St. Ignatius' Autobiography, Part 7: The Power of the Past, The Power of Penance
The thoughts of the past were soon forgotten in the presence of these holy desires, which were confirmed by the following vision. One night, as he lay awake, he saw clearly the likeness of our Lady with the holy Child Jesus, at the sight of which he received most abundant consolation for a considerable interval of time. He felt so great a disgust with his past life, especially with its offenses of the flesh, that he thought all such images which had formerly occupied his mind were wiped out. And from that hour until August of 1553, when this is being written, he never again consented to the least suggestion of the flesh. This effect would seem to indicate that the vision was from God, although he never ventured to affirm it positively, or claim it was anything more than he said it was. But his brother and other members of the family easily recognized the change that had taken place in the interior of his soul from what they saw in his outward manner.
The focus of the first week of The Spiritual Exercises is very much on one’s past, concerned as it is with one’s own sinfulness. This opportunity to dwell on one’s past experience and make an examination of one’s past sins is one of the great graces of The Spiritual Exercises. It’s not something that in the ordinary course of our lives that we find ourselves doing very often. It’s a downer. And, besides, we want to live in the present, and pretend that our past life, the ways in which we were hurt, and the way in which we hurt others, has no effect on who we are today. The first week of The Exercises helps us to see the lie in such thinking.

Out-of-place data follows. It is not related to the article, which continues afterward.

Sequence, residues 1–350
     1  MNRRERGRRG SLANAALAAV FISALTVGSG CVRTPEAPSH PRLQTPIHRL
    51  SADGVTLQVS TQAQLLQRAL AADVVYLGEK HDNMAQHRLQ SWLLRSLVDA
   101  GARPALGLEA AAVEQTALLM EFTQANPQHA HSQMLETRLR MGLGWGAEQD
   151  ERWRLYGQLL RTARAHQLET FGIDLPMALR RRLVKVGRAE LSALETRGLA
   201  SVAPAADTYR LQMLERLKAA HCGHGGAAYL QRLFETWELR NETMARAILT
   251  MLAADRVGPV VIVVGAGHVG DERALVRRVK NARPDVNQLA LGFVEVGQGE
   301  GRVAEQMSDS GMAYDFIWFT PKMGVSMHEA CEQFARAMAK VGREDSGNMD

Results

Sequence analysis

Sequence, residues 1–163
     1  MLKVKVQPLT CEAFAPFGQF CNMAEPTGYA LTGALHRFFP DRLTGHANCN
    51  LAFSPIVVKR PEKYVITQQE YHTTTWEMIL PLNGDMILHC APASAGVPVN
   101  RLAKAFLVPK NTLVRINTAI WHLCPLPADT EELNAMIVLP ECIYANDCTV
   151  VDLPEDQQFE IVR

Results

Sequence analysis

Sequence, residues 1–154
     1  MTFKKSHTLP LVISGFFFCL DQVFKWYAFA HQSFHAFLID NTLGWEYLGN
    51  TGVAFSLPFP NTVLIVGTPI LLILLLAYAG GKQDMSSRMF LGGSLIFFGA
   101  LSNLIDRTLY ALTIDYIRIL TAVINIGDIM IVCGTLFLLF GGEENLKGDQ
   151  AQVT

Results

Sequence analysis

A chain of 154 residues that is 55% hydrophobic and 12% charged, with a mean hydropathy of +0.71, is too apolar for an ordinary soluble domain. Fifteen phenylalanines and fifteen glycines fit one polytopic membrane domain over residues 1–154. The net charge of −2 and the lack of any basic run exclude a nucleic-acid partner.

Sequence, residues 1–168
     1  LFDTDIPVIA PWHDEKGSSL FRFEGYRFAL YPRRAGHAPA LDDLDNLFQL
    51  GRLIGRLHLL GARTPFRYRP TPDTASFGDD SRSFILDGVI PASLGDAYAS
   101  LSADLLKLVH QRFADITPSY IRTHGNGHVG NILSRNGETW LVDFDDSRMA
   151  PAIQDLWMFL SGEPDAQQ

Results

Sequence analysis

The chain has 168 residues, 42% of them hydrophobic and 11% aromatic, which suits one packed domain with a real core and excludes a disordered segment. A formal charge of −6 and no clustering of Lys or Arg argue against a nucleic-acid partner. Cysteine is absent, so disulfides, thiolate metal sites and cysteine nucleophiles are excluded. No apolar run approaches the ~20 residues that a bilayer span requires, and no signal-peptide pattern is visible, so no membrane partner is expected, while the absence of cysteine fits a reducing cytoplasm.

As Jesuit novices, we do the complete thirty-day silent version of The Spiritual Exercises. During that time I realized a couple of things about my past:
· That, like it or not, my past experiences, especially the way that others had hurt me in my lifetime, did have an impact on my self-concept and my relationships with others. I was always on guard against the possibility that someone might hurt me again. And, that the only way to be free of this was to recognize that it did have an effect on me.
· That I had hurt others by my own sins against them. I had been able to think myself a “nice guy” because it was only on rare occasion that I deliberately did something to hurt someone else. But what became clear to me were the many ways that I’d hurt others by failing to act, not because I was ignorant, but merely to avoid an unpleasant or painful situation.
Once one realizes such things, one is forced to see one’s life in a whole new way. I soon became aware, for example, that because of the way I had been treated in the past, that I would presume, upon meeting someone, that they weren’t really interested in knowing me. After all, you can’t be hurt if you presume the slight from the very start. Simply being aware of this fact, however, didn’t make the feeling go away. I prayed to be relieved of it, but as time passed and it didn’t, I resigned myself to the fact that it would always be there, and I’d just have to live with it. Then, remarkably, one day I realized it was gone, not by any effort on my part. Unlike Ignatius, it wasn’t immediate, or accompanied by a vision, one day I just noticed it was gone. God had done what I couldn't.
There are still many other ways the past affects my present, but being aware of this makes overcoming it easier, and it also makes it easier to ask God's forgiveness for the wrongs I have done.